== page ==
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I'm attempting to extract a series of data values from a text file.

The values are in the format: <MODIFIER NAME1 VALUE; MODIFIER NAME2 VALUE;>

For the purposes of the current task that I have, I only care about extracting the VALUE that is situated next to each semicolon. What would the REGEX command look like that would isolate each of these VALUES (preferably so that I backreference all values in the replacement part of my processing.) I believe that ^(.*?); is somehow used, but I'm not seeing how to isolate only the word that is attached to the semicolon in a group for backreference use.

Thanks!

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up vote 1 down vote accepted

The exact syntax depends on the language, but the following regex should do it

"(\w+);"

I used the c# syntax. In other languages, the syntax might change a bit, but the actual regex remains the same.

where \w means any letter(it also includes 0-9 and '_), and the parenthesis signify that you capture the group inside.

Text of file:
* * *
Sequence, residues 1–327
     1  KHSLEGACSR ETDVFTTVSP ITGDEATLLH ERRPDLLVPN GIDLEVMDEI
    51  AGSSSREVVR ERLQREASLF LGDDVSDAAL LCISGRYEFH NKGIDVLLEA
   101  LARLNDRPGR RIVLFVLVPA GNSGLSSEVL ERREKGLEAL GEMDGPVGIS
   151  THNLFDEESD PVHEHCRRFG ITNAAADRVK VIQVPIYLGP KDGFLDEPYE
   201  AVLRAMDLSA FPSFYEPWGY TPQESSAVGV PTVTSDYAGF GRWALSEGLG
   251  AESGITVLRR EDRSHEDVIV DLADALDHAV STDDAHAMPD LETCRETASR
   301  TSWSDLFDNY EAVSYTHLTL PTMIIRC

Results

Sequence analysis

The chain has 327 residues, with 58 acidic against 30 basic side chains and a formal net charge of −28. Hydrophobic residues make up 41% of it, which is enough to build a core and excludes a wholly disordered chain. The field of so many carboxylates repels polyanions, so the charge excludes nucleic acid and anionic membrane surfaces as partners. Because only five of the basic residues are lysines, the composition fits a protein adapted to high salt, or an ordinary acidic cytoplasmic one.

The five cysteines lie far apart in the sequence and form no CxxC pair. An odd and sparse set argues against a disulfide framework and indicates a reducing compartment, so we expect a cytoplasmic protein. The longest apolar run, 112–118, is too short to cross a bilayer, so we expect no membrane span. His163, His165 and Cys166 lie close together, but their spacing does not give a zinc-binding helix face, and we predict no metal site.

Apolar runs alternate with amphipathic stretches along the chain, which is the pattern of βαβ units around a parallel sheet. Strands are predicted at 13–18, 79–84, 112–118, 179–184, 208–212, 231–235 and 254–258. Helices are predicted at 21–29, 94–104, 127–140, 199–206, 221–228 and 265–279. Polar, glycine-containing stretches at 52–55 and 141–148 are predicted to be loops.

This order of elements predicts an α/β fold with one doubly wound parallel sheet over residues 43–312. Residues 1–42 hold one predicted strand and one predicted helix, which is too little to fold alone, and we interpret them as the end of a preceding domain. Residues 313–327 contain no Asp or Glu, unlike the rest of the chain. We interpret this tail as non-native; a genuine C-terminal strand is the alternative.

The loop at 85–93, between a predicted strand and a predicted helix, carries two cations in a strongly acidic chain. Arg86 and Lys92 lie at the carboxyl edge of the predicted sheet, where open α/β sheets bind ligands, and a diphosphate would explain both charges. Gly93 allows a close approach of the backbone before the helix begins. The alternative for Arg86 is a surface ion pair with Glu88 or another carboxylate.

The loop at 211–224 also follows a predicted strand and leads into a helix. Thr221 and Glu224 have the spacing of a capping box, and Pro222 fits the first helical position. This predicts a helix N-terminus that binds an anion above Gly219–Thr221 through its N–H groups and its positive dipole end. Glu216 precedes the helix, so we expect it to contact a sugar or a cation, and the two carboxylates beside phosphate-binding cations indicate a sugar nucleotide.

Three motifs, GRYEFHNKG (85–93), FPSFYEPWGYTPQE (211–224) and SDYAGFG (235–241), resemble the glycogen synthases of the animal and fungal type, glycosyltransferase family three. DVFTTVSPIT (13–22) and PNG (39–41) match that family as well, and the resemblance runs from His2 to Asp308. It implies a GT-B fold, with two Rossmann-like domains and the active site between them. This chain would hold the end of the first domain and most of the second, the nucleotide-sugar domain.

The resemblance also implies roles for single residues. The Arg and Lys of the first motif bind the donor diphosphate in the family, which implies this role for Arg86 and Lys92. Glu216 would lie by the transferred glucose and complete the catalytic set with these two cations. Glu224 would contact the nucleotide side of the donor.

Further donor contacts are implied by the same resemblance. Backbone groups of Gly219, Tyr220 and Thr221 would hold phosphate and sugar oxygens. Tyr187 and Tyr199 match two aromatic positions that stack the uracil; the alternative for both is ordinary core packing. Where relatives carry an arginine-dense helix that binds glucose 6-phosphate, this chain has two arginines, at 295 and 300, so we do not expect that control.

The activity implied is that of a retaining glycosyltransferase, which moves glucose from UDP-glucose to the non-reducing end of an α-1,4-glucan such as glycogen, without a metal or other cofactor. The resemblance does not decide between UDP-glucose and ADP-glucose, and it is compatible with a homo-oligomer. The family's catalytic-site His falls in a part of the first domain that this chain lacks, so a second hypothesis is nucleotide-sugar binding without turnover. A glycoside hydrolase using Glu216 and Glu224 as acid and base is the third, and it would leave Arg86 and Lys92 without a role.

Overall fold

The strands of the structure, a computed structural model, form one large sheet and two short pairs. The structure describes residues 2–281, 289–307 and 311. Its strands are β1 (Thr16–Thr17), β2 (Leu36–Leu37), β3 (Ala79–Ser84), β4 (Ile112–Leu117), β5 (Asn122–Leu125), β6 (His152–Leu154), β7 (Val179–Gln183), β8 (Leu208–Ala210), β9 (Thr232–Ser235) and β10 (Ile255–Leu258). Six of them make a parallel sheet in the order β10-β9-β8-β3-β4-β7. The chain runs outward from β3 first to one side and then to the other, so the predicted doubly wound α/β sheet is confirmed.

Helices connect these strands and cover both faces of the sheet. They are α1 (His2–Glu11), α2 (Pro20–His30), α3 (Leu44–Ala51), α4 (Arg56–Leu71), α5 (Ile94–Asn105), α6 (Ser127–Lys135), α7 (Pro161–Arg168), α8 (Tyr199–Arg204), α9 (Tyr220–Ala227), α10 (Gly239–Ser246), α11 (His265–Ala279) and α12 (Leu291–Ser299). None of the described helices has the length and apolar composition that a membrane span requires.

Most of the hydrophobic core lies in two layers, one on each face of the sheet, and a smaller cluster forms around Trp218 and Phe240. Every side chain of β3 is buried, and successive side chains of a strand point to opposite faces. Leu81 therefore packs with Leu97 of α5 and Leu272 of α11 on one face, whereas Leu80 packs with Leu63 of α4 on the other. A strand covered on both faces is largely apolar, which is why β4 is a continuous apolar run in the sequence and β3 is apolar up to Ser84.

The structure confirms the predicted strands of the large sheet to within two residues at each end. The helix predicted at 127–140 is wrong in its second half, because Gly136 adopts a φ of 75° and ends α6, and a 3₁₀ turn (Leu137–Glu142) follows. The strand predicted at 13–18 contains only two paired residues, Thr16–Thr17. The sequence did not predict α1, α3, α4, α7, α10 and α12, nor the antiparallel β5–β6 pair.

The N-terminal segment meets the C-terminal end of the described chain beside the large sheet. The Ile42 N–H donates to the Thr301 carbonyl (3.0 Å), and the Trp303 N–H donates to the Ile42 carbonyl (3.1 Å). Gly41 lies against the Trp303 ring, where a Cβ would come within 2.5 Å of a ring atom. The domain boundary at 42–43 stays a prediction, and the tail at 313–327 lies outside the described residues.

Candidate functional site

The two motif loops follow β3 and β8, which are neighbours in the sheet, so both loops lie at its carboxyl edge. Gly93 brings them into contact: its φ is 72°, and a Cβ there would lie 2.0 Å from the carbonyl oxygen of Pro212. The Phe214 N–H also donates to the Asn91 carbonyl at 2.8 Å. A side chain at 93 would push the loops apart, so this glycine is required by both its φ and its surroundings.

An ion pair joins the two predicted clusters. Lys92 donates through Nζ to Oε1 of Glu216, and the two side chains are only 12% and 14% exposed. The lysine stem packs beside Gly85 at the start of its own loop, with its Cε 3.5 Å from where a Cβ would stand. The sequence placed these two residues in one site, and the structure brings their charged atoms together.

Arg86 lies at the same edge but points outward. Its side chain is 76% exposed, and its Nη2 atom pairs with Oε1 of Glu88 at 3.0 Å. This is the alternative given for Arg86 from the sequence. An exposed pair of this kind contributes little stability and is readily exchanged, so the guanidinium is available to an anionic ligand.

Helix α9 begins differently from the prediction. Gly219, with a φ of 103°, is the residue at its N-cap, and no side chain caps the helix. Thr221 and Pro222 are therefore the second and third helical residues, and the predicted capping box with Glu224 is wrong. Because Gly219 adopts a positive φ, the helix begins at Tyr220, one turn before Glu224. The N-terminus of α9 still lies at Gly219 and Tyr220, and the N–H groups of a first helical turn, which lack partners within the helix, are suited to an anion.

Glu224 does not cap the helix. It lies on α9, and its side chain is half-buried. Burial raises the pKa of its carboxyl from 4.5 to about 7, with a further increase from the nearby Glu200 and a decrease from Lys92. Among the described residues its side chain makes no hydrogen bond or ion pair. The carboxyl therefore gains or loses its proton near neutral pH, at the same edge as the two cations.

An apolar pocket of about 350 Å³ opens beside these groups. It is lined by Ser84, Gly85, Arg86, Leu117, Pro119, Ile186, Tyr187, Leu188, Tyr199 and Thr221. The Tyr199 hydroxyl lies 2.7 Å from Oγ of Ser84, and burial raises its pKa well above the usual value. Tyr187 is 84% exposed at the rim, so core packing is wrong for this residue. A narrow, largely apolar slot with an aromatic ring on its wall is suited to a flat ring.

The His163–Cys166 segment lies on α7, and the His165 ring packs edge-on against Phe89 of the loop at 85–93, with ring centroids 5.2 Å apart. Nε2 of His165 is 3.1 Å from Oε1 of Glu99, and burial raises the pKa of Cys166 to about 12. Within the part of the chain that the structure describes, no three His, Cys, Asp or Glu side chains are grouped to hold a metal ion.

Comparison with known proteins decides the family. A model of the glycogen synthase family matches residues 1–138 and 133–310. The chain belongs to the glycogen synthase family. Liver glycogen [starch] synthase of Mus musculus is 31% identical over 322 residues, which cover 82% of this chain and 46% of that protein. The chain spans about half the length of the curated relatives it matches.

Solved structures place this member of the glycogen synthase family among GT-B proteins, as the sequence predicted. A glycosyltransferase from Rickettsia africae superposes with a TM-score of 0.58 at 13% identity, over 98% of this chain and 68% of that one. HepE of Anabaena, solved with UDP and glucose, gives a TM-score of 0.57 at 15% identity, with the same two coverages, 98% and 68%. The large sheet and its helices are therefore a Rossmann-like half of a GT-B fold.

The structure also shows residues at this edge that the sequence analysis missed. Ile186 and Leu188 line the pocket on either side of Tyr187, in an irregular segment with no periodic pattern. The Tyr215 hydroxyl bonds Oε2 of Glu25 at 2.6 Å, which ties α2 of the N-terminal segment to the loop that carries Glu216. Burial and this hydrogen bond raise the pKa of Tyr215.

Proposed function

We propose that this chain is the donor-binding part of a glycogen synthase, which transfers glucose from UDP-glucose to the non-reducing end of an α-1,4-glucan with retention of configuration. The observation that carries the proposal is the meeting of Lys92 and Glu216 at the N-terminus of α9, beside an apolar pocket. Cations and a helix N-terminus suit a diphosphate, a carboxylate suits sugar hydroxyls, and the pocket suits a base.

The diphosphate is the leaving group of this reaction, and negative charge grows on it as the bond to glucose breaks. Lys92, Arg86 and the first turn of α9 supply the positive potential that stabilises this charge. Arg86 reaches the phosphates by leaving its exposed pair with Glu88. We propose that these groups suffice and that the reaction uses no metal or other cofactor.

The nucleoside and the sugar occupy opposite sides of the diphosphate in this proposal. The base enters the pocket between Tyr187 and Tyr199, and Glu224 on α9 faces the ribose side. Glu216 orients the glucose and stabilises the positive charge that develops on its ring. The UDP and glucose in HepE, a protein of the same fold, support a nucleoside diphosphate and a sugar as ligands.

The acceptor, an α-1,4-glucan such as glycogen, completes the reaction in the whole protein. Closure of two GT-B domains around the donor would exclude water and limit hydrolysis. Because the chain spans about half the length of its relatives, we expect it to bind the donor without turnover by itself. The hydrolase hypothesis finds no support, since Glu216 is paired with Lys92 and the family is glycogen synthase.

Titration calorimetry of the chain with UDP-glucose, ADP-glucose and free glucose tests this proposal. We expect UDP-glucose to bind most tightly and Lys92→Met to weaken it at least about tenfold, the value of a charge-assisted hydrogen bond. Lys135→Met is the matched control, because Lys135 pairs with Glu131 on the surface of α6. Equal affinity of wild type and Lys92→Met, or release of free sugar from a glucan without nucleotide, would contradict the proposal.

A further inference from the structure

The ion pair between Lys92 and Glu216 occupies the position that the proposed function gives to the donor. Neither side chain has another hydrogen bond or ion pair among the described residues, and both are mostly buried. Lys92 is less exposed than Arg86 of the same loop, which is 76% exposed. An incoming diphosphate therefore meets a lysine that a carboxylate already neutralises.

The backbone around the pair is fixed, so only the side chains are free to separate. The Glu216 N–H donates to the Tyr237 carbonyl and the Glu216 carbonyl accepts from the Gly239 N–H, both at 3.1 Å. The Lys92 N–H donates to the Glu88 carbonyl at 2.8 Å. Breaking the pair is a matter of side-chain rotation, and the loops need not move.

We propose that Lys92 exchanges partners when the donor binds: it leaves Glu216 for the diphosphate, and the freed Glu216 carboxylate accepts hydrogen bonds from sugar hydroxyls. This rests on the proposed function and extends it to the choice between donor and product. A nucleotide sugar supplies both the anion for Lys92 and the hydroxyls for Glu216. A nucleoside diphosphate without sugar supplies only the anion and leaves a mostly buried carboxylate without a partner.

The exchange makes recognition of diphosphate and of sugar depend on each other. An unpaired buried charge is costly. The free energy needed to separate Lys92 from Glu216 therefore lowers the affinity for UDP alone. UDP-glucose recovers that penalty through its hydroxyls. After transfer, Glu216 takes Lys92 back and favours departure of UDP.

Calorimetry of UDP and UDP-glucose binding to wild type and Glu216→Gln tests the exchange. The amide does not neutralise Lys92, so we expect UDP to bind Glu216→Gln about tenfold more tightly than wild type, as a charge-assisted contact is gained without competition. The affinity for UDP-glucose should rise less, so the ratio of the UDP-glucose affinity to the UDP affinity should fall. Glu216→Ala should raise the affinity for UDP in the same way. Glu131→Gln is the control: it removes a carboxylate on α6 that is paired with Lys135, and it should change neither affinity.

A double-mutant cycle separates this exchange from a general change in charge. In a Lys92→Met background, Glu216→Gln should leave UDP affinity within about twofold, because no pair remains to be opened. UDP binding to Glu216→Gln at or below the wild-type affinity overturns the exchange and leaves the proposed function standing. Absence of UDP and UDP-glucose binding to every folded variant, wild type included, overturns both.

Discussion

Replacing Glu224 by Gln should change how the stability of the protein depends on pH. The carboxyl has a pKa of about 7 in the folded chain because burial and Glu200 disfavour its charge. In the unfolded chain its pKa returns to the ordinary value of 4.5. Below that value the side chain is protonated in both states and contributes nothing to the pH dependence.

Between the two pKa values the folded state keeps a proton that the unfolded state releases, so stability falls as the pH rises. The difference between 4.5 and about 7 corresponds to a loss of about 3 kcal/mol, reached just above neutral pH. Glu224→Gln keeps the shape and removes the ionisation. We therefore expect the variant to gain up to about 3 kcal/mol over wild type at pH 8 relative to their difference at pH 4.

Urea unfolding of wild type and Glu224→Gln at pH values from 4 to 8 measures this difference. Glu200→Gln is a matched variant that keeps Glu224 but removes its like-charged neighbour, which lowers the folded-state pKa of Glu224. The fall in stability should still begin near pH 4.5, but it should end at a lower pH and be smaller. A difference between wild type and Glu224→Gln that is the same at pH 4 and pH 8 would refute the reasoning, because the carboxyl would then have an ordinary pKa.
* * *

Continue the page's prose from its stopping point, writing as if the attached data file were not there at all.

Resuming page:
if you want only letters, you can change the \w to [a-zA-Z] (again, different languages may or may not have different syntax for this)

I use This reference to reference my c# regex syntax. If you're using another language, that will also have something similar somewhere.

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So you're saying that the look for syntax might look like: <^(.*?)(\w*)a; ? By the way, what does the a stand for (probably a dumb question) –  John Kaybern Sep 28 '12 at 21:42
    
@JohnKaybern i didn't intend to write the a i actually meant to press ; fixed. –  Sam I am Sep 28 '12 at 21:44
    
Ah okay, that explains that. Thanks for the help. –  John Kaybern Sep 28 '12 at 21:45
    
@JohnKaybern what language are you doing this in? –  Sam I am Sep 28 '12 at 21:46
    
well I'm using a shell script for the processing and then Java for the GUI front-end, so for this example, only shell (or more specifically, sed) –  John Kaybern Sep 28 '12 at 21:51
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